Posted by: Sue      Permalink         Source


May 17, 2006, 11:42 PM CT

Summer Activities Can Increase Hearing Loss

Summer Activities Can Increase Hearing Loss
People tend to spend more time outdoors in the summer, and their exposure to loud noise increases. Whether the noise is from powerboats, firecrackers, lawnmowers or motorcycles, a University of Cincinnati (UC) otolaryngologist encourages people to take precautions to protect their ears.

Tinnitus (perception of sound in the ears) affects most people at some point in their lives and is often due to hearing loss or the result of exposure to loud noises. Other causes include stress, ear-damaging drugs, ear infections, jaw misalignment, brain or head injury and, in rare cases, a tumor on the auditory nerve.

"It's important for people to realize they can help minimize tinnitus caused by loud noises," says Ravi Samy, MD, assistant professor of otolaryngology. "The cochlear hair cells in your ears can be damaged when listening to loud music or working around loud equipment (such as lawnmowers) for prolonged periods of time, which can lead to hearing loss.

"Protecting your hearing can be as simple as turning the music down and wearing ear plugs when mowing, attending concerts, working with machinery or engaged in other loud activities." .

The American Tinnitus Association estimates that 50 million Americans suffer from the condition. For most it's temporary, but for 12 million people it can disrupt their lives.........

Posted by: Sue      Permalink


May 12, 2006, 6:43 AM CT

Protein May Detect Head And Neck Cancer

Protein May Detect Head And Neck Cancer
The blood of patients with head and neck cancer appears to have unique patterns of protein expression that one day could serve as a screening test for the highly aggressive cancer that is often diagnosed too late, scientists say.

Studies comparing protein expression in 78 patients with head and neck cancer to 68 healthy controls revealed numerous differences in protein expression, Medical College of Georgia scientists say.

"We found scores and scores of proteins that were differentially expressed," says Dr. Christine Gourin, MCG otolaryngologist specializing in head and neck cancer and the study's lead author. "We found there are at least eight proteins whose expression significantly differs between controls and people with cancer".

This protein fingerprint correctly classified study participants as cancer patients with a high degree of sensitivity and specificity - 82 percent and 76 percent, respectively, as per research reported in the current issue of Archives of Otolaryngology.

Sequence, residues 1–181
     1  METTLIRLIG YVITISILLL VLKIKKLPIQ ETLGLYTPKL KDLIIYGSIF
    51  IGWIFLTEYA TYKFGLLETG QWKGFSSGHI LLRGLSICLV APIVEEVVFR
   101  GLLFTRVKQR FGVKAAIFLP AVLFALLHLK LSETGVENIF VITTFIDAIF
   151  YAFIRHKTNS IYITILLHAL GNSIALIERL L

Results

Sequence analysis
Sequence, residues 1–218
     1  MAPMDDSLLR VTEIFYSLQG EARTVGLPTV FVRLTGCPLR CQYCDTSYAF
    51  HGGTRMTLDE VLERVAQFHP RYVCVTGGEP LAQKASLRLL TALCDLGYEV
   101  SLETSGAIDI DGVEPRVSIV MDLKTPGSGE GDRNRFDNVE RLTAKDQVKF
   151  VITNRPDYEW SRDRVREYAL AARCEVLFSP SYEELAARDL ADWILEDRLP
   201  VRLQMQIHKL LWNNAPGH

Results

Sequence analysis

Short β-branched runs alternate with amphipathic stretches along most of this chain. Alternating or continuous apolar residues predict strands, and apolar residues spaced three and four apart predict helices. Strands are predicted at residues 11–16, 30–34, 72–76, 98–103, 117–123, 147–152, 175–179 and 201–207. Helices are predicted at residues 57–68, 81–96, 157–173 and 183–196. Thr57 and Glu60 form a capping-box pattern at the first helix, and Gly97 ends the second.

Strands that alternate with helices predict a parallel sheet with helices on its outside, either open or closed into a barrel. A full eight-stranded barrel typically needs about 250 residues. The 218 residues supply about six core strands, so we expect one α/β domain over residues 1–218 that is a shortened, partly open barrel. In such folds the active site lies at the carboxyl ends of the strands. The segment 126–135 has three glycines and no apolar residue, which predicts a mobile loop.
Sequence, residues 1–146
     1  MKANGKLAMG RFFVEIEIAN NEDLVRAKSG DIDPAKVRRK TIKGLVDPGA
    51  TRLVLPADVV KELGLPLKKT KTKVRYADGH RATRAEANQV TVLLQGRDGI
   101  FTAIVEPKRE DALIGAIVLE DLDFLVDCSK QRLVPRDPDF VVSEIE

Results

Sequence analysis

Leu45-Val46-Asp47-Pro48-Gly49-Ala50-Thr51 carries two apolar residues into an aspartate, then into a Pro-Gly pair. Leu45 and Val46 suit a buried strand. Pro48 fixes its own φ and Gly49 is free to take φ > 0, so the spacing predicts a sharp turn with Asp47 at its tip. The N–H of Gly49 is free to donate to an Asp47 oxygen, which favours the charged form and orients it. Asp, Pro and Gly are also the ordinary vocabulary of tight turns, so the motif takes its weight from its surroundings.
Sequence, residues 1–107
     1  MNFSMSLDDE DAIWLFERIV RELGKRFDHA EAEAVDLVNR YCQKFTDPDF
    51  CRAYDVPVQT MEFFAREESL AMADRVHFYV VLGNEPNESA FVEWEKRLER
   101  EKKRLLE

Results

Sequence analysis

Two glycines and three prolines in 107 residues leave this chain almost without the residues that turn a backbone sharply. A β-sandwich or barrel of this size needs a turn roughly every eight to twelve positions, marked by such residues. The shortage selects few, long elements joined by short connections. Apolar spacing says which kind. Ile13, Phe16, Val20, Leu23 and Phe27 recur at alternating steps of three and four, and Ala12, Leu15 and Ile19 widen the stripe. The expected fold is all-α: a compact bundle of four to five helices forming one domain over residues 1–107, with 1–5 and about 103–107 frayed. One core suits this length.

"If these results hold up over time, they would suggest that this would be a good screening test for at-risk people," Dr. Gourin says. "Right now there is no good, effective screening test for head and neck cancer short of physical examination. Unfortunately it takes the development of symptoms to warrant a visit to the doctor, such as a sore throat; ear, tongue or mouth pain; painful eating or swallowing; or a change in the voice. Sometimes the first sign is a lump in the neck which is already a sign of an advanced tumor that has spread to the lymph nodes".........

Posted by: Janet      Permalink         Source


April 18, 2006, 11:56 PM CT

Speeding Up Cure For Ear Infections

Speeding Up Cure For Ear Infections
Fast tracking the healing process for common ear infections will be the focus of ground-breaking research by WA's Lions Ear and Hearing Institute (LEHI).

The research will aim to understand why some eardrums heal by themselves (and why some do not heal at all) by identifying which genes are responsible for the wound-healing process of an infected human ear drum.

As per the World Health Organisation, almost half of the world's population suffers from 'chronic otitis media' - more usually known as an ear infection - which causes hearing loss and can lead to more serious disorders such as meningitis.

Ear infections can occur when ear drums burst as a result of a loud explosion, trauma or most usually by infection spread by a common cold or sore throat.

LEHI's Senior Research Scientist Dr Reza Ghassemifar, said he was looking forward to starting the three-year research project after securing a $238,600 grant from the Garnett Passe and Rodney William Memorial Foundation.

"With this funding we can start our studies to understand how wounds in ear drums heal themselves by examining the cells and molecules in the replacement tissue," Dr Ghassemifar said.

"Through DNA or gene profiling of animal models we hope to learn which molecules are active as the ear drum heals and we will then target those to speed up the healing process."........

Posted by: Sue      Permalink         Source


April 9, 2006, 8:38 PM CT

Glasses That Hear

Glasses That Hear
Today a new hearing aid in the form of a pair of glasses was unveiled. These hearing-glasses are called 'Varibel' and offer older people the chance to stay active longer - free from the aesthetically unpleasing and technologically limited traditional hearing aids. Delft University of Technology in the Netherlands originally developed the hearing-glasses. Varibel developed these glasses into a consumer product in partnership with Philips, Frame Holland, the design agencies MMID and Verhoeven, and others.